As a child I remember plain  and rather boring lentil soup, a variation made using a ham hock and then tinned soups which I generally hated.  I don’t think I’ll ever be able to fully forget the taste of Heinz Oxtail soup, ugh, I loathed everything about it, the only one I ever felt able to eat was the cream of tomato one.  However once you’ve made your own there is no going back.  Soup is one of the fastest meals you can make from fresh ingredients and its so, so much better than anything processed.  Be great for a winter picnic too!

Some key ingredients to a good tomato soup. © Sue Todd Photography 2016

Some key ingredients to a good tomato soup. © Sue Todd Photography 2016


  • 2 lbs of tomatoes
  • 2 large red bell peppers
  • 3 cloves of garlic
  • salt & pepper to season
  • 1 pint of vegetable stock
  • 1 onion
  • 1 tablespoon of olive oil and a splash for the peppers
  • 1 handful of fresh basil
  • Parmesan cheese grated to serve
  • Bread to serve with the soup


Roasted Pepper and Tomato Soup. A lovely winter warming soup © Sue Todd Photography 2016

Roasted Pepper and Tomato Soup. A lovely winter warming soup © Sue Todd Photography 2016

Finely chop the onion and garlic.  Using a deep heavy based pan, gently fry the onion and garlic in the oil until they are transparent.
Meanwhile cut and de seed the peppers, put them on an oven tray and splash with olive oil. Put the peppers in the oven to roast until the skins have changed colour and they seem cooked. Ours went in the roasting oven of the AGA, for somewhere between 10 and 20 minutes.
Roughly chop the tomatoes, add them to the pan containing the onion and garlic and fry for five minutes.
Add the stock, bring the pan to the boil and simmer for a further 10 minutes.
When the peppers are ready, roughly chop them and add them to the pan with the tomatoes, onion and garlic.
Retaining some small sprigs of basil for garnish, chop the rest of the basil and add that to the pan as well.  Cook for a further 10 minutes.
Season to taste.
Remove from the heat and blend.  You can use either a blender/food processor or a hand-held blender – we use a hand blender and make sure we still keep some texture rather than having it entirely smooth, but do what you prefer.
Return the soup to the heat to warm through.  Taste and adjust seasoning if needed before serving.
Roasted Pepper and Tomato Soup © Sue Todd 2016

Roasted Pepper and Tomato Soup © Sue Todd 2016

To serve:

Dish the soup up in warmed bowls with a sprig of fresh basil in the middle accompanied by grated fresh Parmesan and some fresh bread.
Fish Goujons with Tartar Sauce © Sue Todd Photography 2015

Fish Goujons

It’s been a long time coming but finally a new blog post!

Every now and then we get a yearning for something like fish and chips, but as anyone who knows us is aware its very rare that we actually buy ready made food and junk food is a no go area as it always makes me feel ill afterwards.

So yesterday while discussing what to have for dinner I declared that I’d really, really love some fish goujons (or fish fingers) and Gary agreed to make some for me.

We had them with some very simple home-made tartare sauce, some salad leaves, lemon quarters and some home-made spelt bread, but it would work just as well with chips and peas.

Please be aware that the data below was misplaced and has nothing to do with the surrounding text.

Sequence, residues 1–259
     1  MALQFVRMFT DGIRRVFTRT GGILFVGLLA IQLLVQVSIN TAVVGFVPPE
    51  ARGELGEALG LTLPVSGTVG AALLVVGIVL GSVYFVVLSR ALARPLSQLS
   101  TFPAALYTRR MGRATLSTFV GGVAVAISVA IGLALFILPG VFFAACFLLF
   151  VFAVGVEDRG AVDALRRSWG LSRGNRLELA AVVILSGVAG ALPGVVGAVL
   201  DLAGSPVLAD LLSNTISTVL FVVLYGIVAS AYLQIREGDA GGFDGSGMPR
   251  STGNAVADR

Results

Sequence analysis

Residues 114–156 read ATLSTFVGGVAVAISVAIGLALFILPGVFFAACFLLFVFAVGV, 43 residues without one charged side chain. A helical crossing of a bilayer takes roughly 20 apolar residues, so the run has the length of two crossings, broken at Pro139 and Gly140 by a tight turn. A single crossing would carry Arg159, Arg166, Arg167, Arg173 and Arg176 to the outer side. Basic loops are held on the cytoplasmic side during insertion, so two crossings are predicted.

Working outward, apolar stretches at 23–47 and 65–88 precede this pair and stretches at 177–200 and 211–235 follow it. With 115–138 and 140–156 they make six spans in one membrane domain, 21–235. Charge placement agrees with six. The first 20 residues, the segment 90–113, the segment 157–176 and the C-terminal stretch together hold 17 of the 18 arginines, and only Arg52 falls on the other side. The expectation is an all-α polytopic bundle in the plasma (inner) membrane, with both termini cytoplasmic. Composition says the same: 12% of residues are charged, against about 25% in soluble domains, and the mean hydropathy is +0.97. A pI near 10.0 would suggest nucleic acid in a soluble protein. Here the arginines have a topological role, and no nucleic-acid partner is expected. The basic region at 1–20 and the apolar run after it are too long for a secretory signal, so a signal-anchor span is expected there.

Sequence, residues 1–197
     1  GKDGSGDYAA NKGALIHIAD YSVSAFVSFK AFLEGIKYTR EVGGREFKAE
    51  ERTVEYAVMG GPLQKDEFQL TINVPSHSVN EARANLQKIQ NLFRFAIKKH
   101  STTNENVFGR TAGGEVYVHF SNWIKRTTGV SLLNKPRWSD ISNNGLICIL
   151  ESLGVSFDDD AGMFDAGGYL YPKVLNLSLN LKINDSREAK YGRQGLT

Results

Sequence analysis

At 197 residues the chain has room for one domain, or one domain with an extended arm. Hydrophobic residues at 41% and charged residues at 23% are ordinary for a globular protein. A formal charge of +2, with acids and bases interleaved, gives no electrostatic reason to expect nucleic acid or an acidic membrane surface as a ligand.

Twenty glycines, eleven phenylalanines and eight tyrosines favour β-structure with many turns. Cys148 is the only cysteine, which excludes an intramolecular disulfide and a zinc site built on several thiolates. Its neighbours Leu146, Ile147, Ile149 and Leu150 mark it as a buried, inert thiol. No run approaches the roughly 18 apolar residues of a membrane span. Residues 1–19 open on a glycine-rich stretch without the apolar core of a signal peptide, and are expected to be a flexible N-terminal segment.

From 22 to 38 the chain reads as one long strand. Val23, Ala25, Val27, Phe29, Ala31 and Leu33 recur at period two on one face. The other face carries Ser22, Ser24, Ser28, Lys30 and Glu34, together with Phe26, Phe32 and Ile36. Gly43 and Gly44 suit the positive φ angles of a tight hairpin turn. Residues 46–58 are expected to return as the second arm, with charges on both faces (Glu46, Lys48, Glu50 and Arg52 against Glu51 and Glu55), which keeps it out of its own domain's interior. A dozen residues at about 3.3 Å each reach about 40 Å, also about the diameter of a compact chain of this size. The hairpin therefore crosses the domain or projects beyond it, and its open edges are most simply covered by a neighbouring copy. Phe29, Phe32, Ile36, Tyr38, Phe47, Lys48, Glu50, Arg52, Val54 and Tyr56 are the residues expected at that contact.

Ingredients – Fish Goujons

  • 250g / 9oz of Cod Loin
  • 2 eggs
  • flour to coat the fish
  • 3 slices of bread made into bread crumbs
  • oil for deep-frying

Ingredients – Simple Tartar Sauce

  • 2 tbsp of mayonnaise
  • juice of half a lemon
  • salt and fresh ground black pepper
  • 1 jar of capers finely chopped
Fish Goujons with lemon © Sue Todd Photography 2015

Fish Goujons with lemon © Sue Todd Photography 2015

Method – Fish Goujons

You need 3 shallow bowls or deep plates.  Put some flour in one (you need just enough to coat the fish – a couple of tablespoons will do), beat your eggs and put them in another and pop the breadcrumbs in the third bowl.

Cut your fish into ten equal slices.

Heat the oil to about 375 degrees in a frying pan.  Coat each piece of fish in floor then dip into the egg and then roll them in breadcrumbs.   Deep fry in the oil until golden brown.  Lift out onto a plate covered with kitchen roll to drain.

Method – Simple Tartar Sauce

This is very much a cheat’s version for a fast turnaround for supper, and omits ingredients like the mustard and cornichons that many traditional recipes call for.  This was simply dinner in a hurry.  So just mix the ingredients together, crushing the capers as much or as little as you like and place in bowl to serve.  Easy!

Fish Goujons © Sue Todd Photography 2015

Fish Goujons © Sue Todd Photography 2015

To Serve – Serves 2

Serve your fish goujons and tartar sauce with quarters of lemon, salad leaves and homemade spelt bread.  Alternatively, make some sautéed potatoes or chips and serve with peas.

Basil and Olive Focaccia

Basil and Olive Focaccia fresh from the oven.  © Sue Todd Photography 2015

Basil and Olive Focaccia fresh from the oven. © Sue Todd Photography 2015

This is a Paul Hollywood recipe from his ‘100 Great Breads’ book and is delicious.  If you haven’t come across this book I can recommend it.  Paul used all black olives which I didn’t have, so ours used a mixture of green and black and worked well.  Gary prefers green olives so he loved it though I think I’d prefer it with all black olives – but what is life without compromise?

This goes wonderfully well with Gary’s Tomato Soup and together they make a smashing lunchtime treat that is substantial and warming as well as really tasty.

Ingredients:  Basil and Olive Focaccia for 1 loaf

  • 500g or 1lb 2 oz strong white bread flour, and extra for dusting,
  • 1 tbsp salt,
  • 100 ml/3 ½ fl oz olive oil,
  • 30g/1 oz fresh yeast,
  • 300 ml/¼ pint of water,
  • 125g/4 oz pitted olives, black or green, left whole
  • a handful of freshly chopped basil leaves,
  • salt water – made using 30g/1 oz salt dissolved in 100 ml/3½ fl oz warm water